There are a variety of reasons why you might want to ask your insurance company to total your vehicle. After having a vehicle for a while, you might be bored and ready for a new one. However, you do not get to have a say as to whether or not your insurance company totals your vehicle. Your insurance company gets to decide on its own if it is in its best interest to total a vehicle. This may not be what you were hoping to hear, but insurance companies have their own process for deciding if a vehicle should be totaled or not. A decision is made within the insurance organization without outside influence.
Do You Still Have To Pay a Deductible When An Insurance Company Totals Your Vehicle?
Whenever you get into an accident and have to make a claim on your insurance, you have to pay an insurance deductible. It makes no difference whether or not your insurance company has to total your vehicle. You’re still going to have to pay the exact same deductible as negotiated in your auto insurance policy. Once the deductible is paid, your insurance company will decide if they want to total your vehicle or attempt repairs on it.
How Does an Insurance Company Determine A Replacement Value?
There are many different factors that go into deciding the vehicle’s current replacement value. However, these factors tend to be determined by an adjuster sent by the insurance company to assess the vehicle damage. When the vehicle damage is assessed, generally, if it is going to cost the insurance company a certain percentage of the entire vehicle’s worth to repair, then they will total the car. To appraise the vehicle, insurance companies hire third-party appraisers to estimate the value of the vehicle. Often times they also have estimators that work for them as well. Unfortunately, things like mechanical wear and previous problems are taken into account. Due to this reason, when the value is decided upon, you might not get as much as you might think.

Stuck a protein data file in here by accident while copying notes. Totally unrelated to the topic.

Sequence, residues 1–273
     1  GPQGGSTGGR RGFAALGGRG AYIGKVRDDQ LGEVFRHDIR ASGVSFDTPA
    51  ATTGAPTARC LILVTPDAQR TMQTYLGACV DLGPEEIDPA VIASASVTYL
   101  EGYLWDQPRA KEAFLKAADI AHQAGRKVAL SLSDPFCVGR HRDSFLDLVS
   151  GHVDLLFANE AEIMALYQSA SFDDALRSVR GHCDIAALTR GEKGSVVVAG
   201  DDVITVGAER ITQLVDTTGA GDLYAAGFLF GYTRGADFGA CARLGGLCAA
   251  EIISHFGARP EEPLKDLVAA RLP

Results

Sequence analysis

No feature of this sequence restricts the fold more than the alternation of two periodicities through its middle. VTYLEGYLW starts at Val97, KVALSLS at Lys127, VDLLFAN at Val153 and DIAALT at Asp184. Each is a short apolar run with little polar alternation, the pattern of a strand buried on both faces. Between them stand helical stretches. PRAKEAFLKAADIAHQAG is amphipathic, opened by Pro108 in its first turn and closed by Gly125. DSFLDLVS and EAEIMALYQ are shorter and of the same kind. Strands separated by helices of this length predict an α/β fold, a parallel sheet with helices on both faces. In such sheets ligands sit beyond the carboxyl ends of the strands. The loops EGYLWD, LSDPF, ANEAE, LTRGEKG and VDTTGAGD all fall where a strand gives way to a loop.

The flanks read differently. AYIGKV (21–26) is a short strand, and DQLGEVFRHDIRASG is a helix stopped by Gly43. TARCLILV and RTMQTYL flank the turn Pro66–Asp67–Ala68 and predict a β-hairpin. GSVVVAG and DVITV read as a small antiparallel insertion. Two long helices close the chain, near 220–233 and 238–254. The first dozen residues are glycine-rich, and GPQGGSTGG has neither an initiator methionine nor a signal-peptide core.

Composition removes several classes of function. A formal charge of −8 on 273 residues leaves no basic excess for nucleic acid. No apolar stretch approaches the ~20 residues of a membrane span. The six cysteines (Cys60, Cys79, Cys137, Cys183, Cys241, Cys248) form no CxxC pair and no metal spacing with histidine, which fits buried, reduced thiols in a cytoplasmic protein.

How Much Damage Does It Take For An Insurance Company To Total A Car
Generally, the first step for an insurance company is appraising your vehicle. Post appraisal, they should be able to decide whether to do the repairs or just give you the money. The more substantial the damage is to your vehicle and the longer your vehicle will take to fix, the more likely it is that your insurance company will total the vehicle. The main issue with repairing vehicles is the cost of labor. The parts for your car may only cost a few hundred dollars, but labor can be much more. Depending on the damage, it could take weeks for the repair shop to actually complete the vehicle repair. In this case, repairs can cost thousands of dollars. It often is simply not worth it for an insurance company to repair an older, used vehicle. It really depends on the circumstances.
Can You Keep a Vehicle Your Insurance Company Totaled?